A third infant has died in China from contaminated milk and more than 6,000 made sick. The scandal has forced nationwide recalls of milk products by China's top dairy producers, including some exported to five countries. Daniel Schearf reports from Beijing.
China's Health Minister Chen Zhu on Wednesday said there are now 6,244 reported cases of infants made sick and, among those, three have died from drinking tainted milk formula.
Speaking at a news briefing broadcast live on national television, he said the numbers could go up as more parents take their children to hospitals.
Chen says there are now 1,327 infant patients in the hospital. He says 158 are suffering from acute kidney failure.
The scandal over tainted milk powder surfaced after large numbers of babies were hospitalized suffering from kidney stones. All had been fed formula made with powdered milk.
China's largest powdered milk producer, Sanlu Dairy, was found to be using milk laced with melamine, an industrial chemical that can make food appear higher in protein.
Chinese officials said an investigation of 109 powdered milk producers found that 20 percent of them added melamine to their products, including China's largest milk producer Mengniu.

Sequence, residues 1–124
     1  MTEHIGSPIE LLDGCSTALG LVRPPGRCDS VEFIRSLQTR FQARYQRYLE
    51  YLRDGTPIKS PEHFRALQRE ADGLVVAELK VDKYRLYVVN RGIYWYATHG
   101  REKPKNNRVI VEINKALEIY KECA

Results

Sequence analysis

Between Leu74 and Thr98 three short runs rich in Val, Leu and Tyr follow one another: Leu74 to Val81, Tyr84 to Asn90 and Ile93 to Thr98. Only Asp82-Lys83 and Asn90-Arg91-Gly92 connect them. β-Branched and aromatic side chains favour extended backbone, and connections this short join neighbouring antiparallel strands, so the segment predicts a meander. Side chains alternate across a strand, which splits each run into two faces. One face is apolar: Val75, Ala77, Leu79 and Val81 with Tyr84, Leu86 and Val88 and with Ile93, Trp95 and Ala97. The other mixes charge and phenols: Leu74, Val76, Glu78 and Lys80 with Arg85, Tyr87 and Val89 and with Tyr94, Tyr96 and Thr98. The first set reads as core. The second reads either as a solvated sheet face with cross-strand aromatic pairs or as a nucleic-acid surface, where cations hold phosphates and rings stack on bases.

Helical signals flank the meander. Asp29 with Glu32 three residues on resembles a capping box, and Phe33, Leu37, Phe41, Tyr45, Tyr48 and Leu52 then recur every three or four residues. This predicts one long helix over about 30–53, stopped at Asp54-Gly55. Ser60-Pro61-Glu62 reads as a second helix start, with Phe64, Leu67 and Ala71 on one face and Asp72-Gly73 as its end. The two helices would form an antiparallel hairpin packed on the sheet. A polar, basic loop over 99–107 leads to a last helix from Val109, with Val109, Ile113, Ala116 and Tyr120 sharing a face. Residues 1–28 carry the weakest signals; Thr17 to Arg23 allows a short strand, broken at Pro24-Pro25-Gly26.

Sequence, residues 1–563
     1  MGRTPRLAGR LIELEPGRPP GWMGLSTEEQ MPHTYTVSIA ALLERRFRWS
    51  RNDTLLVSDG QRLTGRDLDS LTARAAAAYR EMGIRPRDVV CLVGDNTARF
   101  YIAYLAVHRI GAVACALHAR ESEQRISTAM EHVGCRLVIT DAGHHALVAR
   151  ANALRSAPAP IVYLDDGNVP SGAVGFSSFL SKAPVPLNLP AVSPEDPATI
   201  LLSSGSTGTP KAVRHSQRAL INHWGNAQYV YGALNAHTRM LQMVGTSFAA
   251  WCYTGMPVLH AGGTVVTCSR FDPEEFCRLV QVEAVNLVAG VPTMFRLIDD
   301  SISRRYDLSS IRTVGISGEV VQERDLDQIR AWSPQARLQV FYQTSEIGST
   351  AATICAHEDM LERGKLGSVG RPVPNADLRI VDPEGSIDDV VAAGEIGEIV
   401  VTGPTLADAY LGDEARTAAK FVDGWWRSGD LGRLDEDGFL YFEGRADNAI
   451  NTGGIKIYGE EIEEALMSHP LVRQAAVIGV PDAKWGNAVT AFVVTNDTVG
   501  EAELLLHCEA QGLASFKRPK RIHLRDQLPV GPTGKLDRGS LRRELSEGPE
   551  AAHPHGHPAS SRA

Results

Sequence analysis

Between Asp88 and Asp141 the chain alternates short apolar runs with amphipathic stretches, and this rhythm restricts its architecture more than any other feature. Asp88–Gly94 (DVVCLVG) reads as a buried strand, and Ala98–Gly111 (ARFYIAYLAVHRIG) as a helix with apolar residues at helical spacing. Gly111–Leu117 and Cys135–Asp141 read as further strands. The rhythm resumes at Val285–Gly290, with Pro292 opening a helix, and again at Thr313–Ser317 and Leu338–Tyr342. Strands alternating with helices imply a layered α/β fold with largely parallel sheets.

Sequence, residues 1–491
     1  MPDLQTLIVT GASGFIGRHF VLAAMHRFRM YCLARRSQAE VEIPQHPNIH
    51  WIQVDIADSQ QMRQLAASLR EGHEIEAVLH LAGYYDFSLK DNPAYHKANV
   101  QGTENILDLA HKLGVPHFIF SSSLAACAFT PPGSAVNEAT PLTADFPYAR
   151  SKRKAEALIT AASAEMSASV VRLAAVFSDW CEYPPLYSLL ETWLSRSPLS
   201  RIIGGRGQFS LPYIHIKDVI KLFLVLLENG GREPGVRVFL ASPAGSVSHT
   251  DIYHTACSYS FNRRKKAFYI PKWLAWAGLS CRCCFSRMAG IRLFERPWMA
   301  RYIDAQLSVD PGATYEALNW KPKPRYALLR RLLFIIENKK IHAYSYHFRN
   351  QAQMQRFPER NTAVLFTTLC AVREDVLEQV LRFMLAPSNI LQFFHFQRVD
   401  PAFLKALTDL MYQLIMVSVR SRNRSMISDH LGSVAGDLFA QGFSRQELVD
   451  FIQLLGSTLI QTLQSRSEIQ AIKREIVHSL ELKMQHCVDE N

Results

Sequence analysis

Li Changjiang, head of China's quality watchdog., says starting today they will station 1,400 inspection teams amounting to nearly 5,000 people at all dairy producing enterprises. He says they will make on-the-spot inspections and conduct strict and effective oversight.
Li says his department has ordered a recall of all suspect products, including goods from two companies that exported to Bangladesh, Yemen, Burma, Gabon, and Burundi.
The New Zealand dairy company Fonterra is part-owner of Sanlu and says it raised concerns about tainted milk weeks ago but Sanlu was slow to respond.
New Zealand's prime minister says the Chinese government began investigating only after she raised the issue through official channels.
The manager of Sanlu and four local officials in Hebei, where Sanlu is based, have been fired over the scandal.
Chinese officials have vowed to inspect all dairy products in the country and say they may for the first time begin regular testing for illegal additives such as melamine.
This is not the first time milk powder has killed babies in China. In 2004 at least 12 infants died from drinking fake milk powder.